Since King’s Village is located so close to the Botanga Dam, I had Zak arrange for a couple of his friend’s that farm around that area to come and meet us at the dam and show us some of their fields. The two farmers first took the 4-Her’s to the man-made lake, explaining how the water travels from the lake through a series of canals to irrigate their farms. Currently, we are in the dry season in Northern Ghana so many farmers in the area are unable to cultivate crops. Showing the students how access to irrigation can allow them to have up to 3 growing seasons (depending on the crop) in one year was very eye-opening to them. Despite the fact that the majority of my students live around the area, the large majority had never been to the dam before.
Next we were taken to the fields where the 4-Her’s observed the cultivation of a variety of crops including pepper, onion, rice, cabbage and more. They learned how the farmers used the canal system to irrigate their crops as well as best practices in the cultivation of these crops.
Just when I thought the day could not get any better, the coolest thing happened.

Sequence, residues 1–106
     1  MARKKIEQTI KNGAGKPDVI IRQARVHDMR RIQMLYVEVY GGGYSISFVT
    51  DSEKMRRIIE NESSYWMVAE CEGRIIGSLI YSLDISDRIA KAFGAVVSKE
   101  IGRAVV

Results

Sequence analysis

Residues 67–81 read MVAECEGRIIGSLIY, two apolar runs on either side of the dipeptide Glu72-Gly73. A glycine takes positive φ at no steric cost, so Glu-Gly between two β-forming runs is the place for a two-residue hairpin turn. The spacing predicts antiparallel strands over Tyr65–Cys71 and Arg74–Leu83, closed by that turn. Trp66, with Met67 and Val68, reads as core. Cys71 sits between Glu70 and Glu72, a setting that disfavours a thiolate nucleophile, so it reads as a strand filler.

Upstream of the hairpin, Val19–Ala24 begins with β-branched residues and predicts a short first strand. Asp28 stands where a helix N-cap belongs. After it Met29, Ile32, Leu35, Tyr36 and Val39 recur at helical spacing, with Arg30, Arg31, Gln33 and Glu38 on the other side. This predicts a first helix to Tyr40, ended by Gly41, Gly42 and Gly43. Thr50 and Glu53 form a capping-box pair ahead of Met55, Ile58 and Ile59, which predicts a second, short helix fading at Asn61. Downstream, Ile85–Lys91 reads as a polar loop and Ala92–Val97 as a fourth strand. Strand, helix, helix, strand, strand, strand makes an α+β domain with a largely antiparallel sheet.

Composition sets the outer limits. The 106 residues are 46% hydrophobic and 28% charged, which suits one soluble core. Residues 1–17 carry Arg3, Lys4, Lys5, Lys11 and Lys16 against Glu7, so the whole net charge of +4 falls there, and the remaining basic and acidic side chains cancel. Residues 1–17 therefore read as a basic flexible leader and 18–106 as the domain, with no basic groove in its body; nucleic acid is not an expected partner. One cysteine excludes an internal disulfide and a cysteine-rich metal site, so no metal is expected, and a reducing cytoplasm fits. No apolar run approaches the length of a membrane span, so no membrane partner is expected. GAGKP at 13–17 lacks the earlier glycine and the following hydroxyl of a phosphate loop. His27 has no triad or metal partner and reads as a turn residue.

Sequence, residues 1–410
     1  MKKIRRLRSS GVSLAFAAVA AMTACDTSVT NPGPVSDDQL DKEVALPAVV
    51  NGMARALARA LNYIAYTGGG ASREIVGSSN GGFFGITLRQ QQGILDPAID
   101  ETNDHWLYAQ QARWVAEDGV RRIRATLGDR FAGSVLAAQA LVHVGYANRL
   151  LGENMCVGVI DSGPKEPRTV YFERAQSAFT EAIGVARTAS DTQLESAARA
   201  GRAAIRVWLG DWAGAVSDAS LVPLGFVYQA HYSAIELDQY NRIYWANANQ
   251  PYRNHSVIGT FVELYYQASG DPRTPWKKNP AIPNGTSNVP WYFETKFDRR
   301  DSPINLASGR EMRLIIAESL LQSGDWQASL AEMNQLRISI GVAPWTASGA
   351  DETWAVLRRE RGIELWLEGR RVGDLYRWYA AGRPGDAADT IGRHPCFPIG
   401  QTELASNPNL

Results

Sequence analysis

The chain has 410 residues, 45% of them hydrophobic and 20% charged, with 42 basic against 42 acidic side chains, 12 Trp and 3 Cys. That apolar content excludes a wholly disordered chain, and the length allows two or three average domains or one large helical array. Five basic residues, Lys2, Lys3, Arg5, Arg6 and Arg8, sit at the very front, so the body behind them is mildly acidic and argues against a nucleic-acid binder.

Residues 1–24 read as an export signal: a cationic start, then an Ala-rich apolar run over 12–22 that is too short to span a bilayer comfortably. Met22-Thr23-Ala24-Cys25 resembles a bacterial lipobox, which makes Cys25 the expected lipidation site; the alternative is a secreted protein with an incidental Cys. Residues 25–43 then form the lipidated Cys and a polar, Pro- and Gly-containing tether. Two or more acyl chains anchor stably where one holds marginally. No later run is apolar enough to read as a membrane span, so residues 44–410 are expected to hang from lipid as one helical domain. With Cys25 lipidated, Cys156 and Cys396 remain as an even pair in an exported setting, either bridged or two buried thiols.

“Not all of you will pass your WASSCE exams,” one of the farmers began. I raised my eyebrows and thought, uh-oh, what will he say next and where is he going with this? “What I want you to realize is that money can be made farming. If you take agric seriously in SHS you can be using modern farming practices to improve your farm and earn you income. No matter what your results are on the WASSCE, farming is here and you can all do it and be good at it”. I nearly let out a loud whoop, I was ecstatic that the students were finally hearing a Ghanaian farmer tell them what I had been trying to tell them all term!
To drive the point home, the farmer asked, “What can you sell a head of cabbage for at the market in the dry season?” he asked.